In C programming language an array can be of pointer. We mostly use pointers to handle character array that will have rows of varying length. Consider the following example:

CODE:

char *name [3]={“Stuart”, “Bill”, “James”};

char name[3][20]= { “Stuart”, “Bill”, “James”};

In the above example we have two statements. In the first statement pointer is used with array and only three locations will be allocated to pointer. This will point to the first character of the respective string. In the second statement we did not use any pointer rather multidimensional array is used. This will store all the characters of all names and the memory location will be extended from 20. By using multidimensional array more memory space will be wasted because of this we use arrays of pointers.


Pointer to structure:

In C programming language we can have array of structure variables just like array of integers or array of pointers, etc. To make use of array of structure variables more efficient we use pointers of structure type. Consider the following example:

CODE:

struct Book

{

 char name [10];

 int price;

}

void main ()

{

 struct Book b;     // structure variable

 struct Book * ptr;   // structure type pointer

 ptr = &b;

 struct Book b1 [10];   // structure array variable

 struct Book * p;     // structure type pointer

 p = &b1;

}

Accessing Structure Members with Pointers:

The dot (.) operator is used to access the members of structure with structure variable. If we have pointer of structure type then we use the (->) to access the members of structure. Consider the following example:

CODE:

struct Book

{

 char name [5];

 int price;

}

void main ()

{

 struct Book b1;

 struct Book * ptr = &b1;

 ptr -> name = “Bill”;

 ptr -> price = 500;

}


Pointer Arithmetic:

To understand pointer one should have complete knowledge of pointer arithmetic. In this section we will learn how the memory addresses change when a pointer is incremented.

16 bit Machine:

The size of all the types of pointer that are int*, float*, char*, double* is always 2 bytes in a 16 bit machine. When an increment is performed on the pointer a change is occurred on the size of the pointer. Consider the following table in which the size of the data types is displayed on the 16 bit machine:

Type Size in bytes
int 2
char 1
long 4
float 4
double 8
long double 10

Examples for Pointer Arithmetic:

Consider the following example in which the pointer is of 2 bytes and when the pointer is incremented, it will be incremented by 2 bytes as int is of 2 bytes:

int* x;

x ++;

Now consider the following example in which the pointer is of float data type but has 2 bytes but when it is incremented the pointer will be incremented by 4 bytes because of float data type:

float* x;

x ++;

Similarly if we have a pointer of double data type, when the pointer is incremented it will be incremented by 8 bytes.

32 bit Machine:

In the 32 bit machine the concept of pointer arithmetic is the same but the size of the pointer increases and some of the data types are different in the 32 bit machine. A pointer in the 32 bit machine is of 4 bytes. . Consider the following table in which the size of the data types is displayed on the 32 bit machine:

Type Size in bytes
int 4
char 2
long 8
float 8
double 16


Pointer as Function Parameters:

In C programming language we use pointer as he parameter of the function to hold the address of the argument that is passed in the function call. This process is called calling function by reference. When we call a function by using reference then changes to reference variable will also change the original value of the variable.

Example:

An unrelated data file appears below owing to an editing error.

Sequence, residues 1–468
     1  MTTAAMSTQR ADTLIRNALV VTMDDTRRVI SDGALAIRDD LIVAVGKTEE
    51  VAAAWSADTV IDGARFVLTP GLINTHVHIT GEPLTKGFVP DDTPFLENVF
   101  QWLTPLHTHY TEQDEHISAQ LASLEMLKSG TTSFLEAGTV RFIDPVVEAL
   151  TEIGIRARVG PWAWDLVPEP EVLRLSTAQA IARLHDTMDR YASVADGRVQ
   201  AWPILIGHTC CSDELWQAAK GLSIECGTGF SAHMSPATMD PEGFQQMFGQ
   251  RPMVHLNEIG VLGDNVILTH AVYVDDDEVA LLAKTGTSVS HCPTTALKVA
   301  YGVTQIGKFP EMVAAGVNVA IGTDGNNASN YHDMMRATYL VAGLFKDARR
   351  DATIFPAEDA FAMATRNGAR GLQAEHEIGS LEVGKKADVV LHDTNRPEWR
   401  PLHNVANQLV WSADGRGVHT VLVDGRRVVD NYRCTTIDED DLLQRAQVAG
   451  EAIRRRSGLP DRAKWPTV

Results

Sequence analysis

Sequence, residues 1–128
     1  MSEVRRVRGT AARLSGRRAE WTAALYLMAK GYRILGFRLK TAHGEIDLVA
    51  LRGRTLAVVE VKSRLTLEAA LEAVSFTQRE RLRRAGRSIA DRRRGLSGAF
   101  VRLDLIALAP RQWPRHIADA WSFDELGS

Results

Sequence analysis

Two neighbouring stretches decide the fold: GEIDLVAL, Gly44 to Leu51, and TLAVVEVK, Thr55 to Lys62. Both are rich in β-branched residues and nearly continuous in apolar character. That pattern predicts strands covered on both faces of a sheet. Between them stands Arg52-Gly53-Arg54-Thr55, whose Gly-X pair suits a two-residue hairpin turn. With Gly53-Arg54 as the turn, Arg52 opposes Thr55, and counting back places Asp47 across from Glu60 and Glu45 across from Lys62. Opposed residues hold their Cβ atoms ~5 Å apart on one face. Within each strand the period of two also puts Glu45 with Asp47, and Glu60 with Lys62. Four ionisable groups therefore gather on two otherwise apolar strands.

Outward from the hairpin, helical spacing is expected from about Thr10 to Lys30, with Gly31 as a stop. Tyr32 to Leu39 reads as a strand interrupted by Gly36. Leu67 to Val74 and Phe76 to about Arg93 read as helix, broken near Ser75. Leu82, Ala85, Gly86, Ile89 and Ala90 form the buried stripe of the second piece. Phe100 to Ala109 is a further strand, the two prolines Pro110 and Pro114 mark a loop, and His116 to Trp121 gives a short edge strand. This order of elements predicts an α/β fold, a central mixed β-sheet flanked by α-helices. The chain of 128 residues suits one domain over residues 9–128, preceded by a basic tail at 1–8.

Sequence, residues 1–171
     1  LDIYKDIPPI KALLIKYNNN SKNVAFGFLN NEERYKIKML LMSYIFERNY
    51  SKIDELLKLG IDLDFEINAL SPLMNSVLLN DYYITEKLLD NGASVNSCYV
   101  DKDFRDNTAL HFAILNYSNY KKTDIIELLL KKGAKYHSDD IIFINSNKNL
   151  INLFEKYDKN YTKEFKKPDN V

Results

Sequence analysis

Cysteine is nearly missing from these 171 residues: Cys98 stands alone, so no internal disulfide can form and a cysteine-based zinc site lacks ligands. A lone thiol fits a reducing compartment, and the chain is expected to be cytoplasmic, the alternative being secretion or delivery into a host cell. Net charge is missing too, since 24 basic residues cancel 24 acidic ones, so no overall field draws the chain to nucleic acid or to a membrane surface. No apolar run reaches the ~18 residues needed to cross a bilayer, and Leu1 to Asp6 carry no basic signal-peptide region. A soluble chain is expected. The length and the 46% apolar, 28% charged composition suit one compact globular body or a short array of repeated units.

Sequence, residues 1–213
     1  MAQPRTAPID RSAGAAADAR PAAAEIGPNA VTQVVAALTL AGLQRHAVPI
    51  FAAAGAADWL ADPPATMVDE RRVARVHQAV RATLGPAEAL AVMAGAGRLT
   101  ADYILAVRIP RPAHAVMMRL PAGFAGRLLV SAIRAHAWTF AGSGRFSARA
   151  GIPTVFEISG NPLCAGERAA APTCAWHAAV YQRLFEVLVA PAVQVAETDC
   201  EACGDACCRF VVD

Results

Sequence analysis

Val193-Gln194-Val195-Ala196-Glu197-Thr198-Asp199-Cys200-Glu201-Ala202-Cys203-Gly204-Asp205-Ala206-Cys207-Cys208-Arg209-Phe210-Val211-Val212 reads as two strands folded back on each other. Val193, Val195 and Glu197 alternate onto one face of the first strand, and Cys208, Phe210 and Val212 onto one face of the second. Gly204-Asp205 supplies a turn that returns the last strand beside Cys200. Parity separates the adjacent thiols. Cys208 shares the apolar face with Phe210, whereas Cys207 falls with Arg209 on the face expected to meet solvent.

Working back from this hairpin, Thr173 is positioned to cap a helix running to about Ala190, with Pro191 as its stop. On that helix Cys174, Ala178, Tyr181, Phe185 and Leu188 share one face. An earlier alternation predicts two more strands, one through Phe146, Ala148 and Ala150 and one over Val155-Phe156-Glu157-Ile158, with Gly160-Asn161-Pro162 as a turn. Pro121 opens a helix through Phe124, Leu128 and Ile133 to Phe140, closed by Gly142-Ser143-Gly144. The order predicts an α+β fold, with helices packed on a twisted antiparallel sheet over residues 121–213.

Consider the following example in which we have sorted an array of elements by using pointers:

CODE:

# include <stdio. h>

# include <conio. h>

void sort (int *x, int y);

void main ()

{

 int arr [5], q, w;

 clrscr ();

 printf (“Enter 5 numbers”);

 for (q = 0; q < 5; q ++)

 {

  scanf (“%d”, &arr [q]);

 }

 sorting (arr, 5);

 getch ();

}

void sort (int *x, int y)

{

 int i, j, temp;

 for(i = 1; i <= y – 1; i ++)

 {

  for (j = 0; j * (x+j+1))

   {

    temp = * (x + j);

    *(x + j) =*(x + j + 1);

    *(x + j + 1) = temp;

   }

  }

 }

 for (i = 0; i < 5; i ++)

 {

  printf (“\t%d”, *(x + i));

 }

}

In the above example the array is sorted by using a pointer as a function parameter and array is used as function argument.


Function returning pointer:

In C programming language a function can return a pointer to its call. But the pointer should not be connected to the local variable of the function as the local variable is not known outside the function. Consider the following example:

CODE:

# include <stdio. h>

# include <conio. h>

int* large (int* x, int* y);

void main ()

{

 int q = 5;

 int w = 2;

 int *point;

 point = large (&q, &w);

 printf (“%d is larger”,*point);

}

int* larger (int *x, int *y)

{

 if (*x > *y)

  return x;

 else

  return y;

}

In the above example we are finding the larger of two numbers by passing the pointer to the function. It can be seen that the return type of the function is pointer which means that the function is returning pointer during function call and this pointer will be stored in the pointer type variable p which will be then printed by using the printf statement.


Safe ways to return a valid Pointer:

The safest ways to return a valid pointer in C programming language are as follows:

  1. By using arguments with function. As the arguments are passed to function and are declared inside the calling of the function therefore they are known outside the function call as well.
  2. By using static local variables. We can use the static local variables inside the function and return them. We will use static local variables as they have a lifetime until the main () function exits therefore, the static variables will live throughout the program.


Pointer to functions:

In C programming language we can use pointers to point to a function. The pointer will be used as an argument in another function. The following is the syntax to pass pointer to a function:

type (* pointer name) (parameter);

Consider the following example in which we have passed pointer to function:

int (* add) ();

int * add ();

We can point to a specific function by using function pointer. This can be done when we assign the name of the function to that specific function. Consider the following example:

int add (int, int);

int (*a) (int, int);

a = add;

In this example a is the pointer to the function named add. Now we can call the function add by using the function pointer a enclosed in parenthesis with the list of parameters as follows:

a (3, 4);


Example of Pointer to Function:

Consider the following example in which we have used pointer to point function:

CODE:

# include <stdio. h>

# include <conio. h>

int add (int a, int b)

{

 return a + b;

}

void main ( )

{

 int (*f) (int, int);

 f = add;

 int a1 = a (15, 15);

 printf (“Sum is %d”, a1);

 getch ();

}

OUTPUT:

30


Complicated Function Pointer Example:

Consider the following example:

void * (* f) (int *);

This statement seems very complicated but it is not. In this line of code f is the pointer to the function and the return type of the function is void * and the argument of the function is of int* type.